IT also tracked down the fake login page that the emails linked to. This required some care: the webpage could have been set up to load malware onto visiting computers, which would mean that clicking on the link would lead to immediate infection. The address of this webpage had been disguised in the link using a URL shortener, which IT reverse engineered with a URL expander in order to run a virus scan. The page appeared clean; its only apparent intention was to collect passwords. This webpage was being hosted on another server, this one at a server farm in Texas.
From these and other clues collected using forensic tools in Google Apps and our firewalls, our overall impression of the attack is as follows:
By spreading the attack across many devices, the attackers were hoping to avoid Gmail’s fraud detection system. Emails coming from a domestic server are inherently less suspicious than emails coming in from overseas and, by splitting the parts of the attack between two different hosts, the scheme was made harder to detect.
Using our Intrusion Detection System, IT determined that 54 people at the Exploratorium had clicked on the malicious link. As one of these 54 all I can say is that–as paranoid as I usually am–this just didn’t trigger an alarm for me. An email from PZ has high social credibility within the museum and the presence of our museum name in the subject line (even if misspelled) was enough to successfully fake me out.
“What makes an attack like this so effective is that you never expect to see something as convincing as this,” said Miles Reed, one of our IT systems administrators, “The vast majority of the phishing emails received by the Exploratorium are rejected outright or filtered into spam.” A convincingly personalized phishing attack like this is known as “spearphishing.”
Around the time that PZ’s account was sending its 200th email, Google flagged the activity as suspicious and blocked any further outgoing email from the account. IT sent out a museumwide alert, restored PZ’s account to normal, and had everyone who’d visited the phishing site change their password. After attending to our basic network hygiene, IT set our alerts to a higher threshold to monitor for suspicious login attempts. Indeed, throughout the next several weeks our email accounts were being periodically probed for password weaknesses. These alerts had a chilling quality to them, a bit a like if you changed the locks on your house and then received a note every time someone tried to break in with the old key.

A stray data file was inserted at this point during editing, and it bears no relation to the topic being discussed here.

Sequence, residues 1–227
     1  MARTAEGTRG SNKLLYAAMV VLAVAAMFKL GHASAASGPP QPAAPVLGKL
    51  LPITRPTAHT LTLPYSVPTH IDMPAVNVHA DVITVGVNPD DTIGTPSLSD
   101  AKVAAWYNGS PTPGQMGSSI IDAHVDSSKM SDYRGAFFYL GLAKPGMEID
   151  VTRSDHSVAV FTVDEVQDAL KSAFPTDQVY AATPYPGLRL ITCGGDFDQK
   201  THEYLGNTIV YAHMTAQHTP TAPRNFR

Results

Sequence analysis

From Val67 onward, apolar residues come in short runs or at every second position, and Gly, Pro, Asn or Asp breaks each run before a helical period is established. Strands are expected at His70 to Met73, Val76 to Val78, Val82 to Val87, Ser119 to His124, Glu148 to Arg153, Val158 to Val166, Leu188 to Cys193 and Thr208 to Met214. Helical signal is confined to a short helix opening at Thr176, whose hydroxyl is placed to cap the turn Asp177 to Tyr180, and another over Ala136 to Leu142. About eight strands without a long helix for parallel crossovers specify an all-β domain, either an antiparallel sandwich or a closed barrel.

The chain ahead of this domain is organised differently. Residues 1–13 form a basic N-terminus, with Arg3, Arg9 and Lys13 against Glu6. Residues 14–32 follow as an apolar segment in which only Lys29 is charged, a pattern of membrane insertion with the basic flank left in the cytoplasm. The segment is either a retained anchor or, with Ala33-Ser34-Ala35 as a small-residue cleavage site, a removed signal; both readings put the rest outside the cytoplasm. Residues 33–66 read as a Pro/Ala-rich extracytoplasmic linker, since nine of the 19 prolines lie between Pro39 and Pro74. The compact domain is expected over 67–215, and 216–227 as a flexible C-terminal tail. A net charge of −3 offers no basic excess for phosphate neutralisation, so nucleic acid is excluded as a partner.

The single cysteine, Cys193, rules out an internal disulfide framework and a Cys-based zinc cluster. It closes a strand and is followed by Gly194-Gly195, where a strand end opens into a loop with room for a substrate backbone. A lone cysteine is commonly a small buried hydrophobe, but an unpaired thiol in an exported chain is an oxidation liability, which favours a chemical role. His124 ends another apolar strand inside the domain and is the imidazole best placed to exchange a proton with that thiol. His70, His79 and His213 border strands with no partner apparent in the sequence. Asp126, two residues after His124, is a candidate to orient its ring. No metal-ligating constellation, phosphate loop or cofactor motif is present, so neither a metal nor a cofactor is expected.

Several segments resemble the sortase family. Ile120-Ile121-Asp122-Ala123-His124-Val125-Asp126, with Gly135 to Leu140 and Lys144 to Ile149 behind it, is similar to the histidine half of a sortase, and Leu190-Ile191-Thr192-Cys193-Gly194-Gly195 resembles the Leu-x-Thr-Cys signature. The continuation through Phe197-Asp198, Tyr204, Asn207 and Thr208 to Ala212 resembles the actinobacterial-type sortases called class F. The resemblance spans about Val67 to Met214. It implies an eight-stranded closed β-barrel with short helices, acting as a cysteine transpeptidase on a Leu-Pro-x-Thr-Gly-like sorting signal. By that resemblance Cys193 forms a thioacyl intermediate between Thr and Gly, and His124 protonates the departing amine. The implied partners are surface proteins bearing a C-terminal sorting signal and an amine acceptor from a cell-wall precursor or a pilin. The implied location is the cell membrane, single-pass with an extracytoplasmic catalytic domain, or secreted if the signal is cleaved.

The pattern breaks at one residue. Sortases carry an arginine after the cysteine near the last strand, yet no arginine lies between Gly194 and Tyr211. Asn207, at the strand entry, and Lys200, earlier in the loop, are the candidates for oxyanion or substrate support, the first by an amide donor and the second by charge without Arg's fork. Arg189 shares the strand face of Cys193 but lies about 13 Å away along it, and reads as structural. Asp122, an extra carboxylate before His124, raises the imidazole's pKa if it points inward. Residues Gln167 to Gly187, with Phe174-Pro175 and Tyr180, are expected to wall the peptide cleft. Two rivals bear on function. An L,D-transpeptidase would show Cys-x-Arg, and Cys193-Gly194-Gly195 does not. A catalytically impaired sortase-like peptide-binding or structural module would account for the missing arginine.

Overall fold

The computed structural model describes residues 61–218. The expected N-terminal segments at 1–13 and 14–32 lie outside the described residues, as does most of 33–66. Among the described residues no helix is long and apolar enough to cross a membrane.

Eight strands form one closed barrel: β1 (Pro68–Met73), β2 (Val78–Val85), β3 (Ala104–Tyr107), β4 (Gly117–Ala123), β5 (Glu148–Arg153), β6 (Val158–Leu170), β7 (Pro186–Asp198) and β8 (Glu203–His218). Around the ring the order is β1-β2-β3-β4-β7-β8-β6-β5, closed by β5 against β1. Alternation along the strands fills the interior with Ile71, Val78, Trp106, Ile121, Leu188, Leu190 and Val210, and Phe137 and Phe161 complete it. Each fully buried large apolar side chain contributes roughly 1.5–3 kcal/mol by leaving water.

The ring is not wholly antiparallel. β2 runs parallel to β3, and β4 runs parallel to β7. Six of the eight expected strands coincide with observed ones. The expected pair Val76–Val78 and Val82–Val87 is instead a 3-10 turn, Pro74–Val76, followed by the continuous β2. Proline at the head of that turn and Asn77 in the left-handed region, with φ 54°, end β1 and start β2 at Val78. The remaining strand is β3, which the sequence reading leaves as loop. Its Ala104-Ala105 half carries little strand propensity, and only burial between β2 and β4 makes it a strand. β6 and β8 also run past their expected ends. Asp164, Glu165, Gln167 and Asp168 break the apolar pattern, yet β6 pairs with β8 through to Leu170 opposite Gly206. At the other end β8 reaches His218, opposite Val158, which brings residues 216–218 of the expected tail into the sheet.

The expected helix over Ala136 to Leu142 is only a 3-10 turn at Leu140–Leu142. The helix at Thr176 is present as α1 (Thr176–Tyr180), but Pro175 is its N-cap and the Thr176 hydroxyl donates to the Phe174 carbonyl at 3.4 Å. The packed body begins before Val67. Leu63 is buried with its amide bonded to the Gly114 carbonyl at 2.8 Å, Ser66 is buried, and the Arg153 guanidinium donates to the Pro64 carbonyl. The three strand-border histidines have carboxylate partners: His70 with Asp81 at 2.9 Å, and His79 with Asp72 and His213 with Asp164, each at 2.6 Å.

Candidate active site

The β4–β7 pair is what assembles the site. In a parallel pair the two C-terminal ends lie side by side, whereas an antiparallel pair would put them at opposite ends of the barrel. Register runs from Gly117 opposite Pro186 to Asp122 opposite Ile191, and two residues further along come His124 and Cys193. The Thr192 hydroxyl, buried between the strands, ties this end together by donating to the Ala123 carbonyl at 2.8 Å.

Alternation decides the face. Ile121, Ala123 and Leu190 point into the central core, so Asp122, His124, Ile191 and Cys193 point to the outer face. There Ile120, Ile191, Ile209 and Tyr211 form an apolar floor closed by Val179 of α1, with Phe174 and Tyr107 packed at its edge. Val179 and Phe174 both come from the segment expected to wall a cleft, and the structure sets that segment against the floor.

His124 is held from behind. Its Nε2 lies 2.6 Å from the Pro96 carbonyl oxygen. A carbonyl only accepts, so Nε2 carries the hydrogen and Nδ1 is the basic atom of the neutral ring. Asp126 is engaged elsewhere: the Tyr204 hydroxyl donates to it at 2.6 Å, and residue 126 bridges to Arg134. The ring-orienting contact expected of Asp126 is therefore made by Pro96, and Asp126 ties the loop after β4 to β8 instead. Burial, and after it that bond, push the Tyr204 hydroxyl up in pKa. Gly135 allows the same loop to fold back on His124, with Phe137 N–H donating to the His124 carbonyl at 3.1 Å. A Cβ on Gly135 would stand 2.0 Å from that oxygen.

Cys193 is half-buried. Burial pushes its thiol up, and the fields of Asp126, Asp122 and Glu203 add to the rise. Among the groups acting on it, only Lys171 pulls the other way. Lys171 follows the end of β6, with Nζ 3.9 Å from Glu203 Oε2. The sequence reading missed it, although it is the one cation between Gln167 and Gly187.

We can only speculate about what these attackers intended to do with our information. Login credentials can be bought and sold on the black market. Networks of compromised computers can be operated as “botnets” to send out spam or take out webpages. Perhaps they intended to capture credit card data from our online ticketing system. In 2013, Target had 110 million customer credit card records stolen by hackers, a breach that originated with a simple phishing attack on one of its subcontractors.
Knock on wood, but it seems like this attack was diverted without any serious negative impacts. This one was more like catching a bad cold then getting seriously knee-capped, although it does leave us in the institutionally sheepish position of having probably given this stupid cold to some of our friends and partners.
Be safe out there.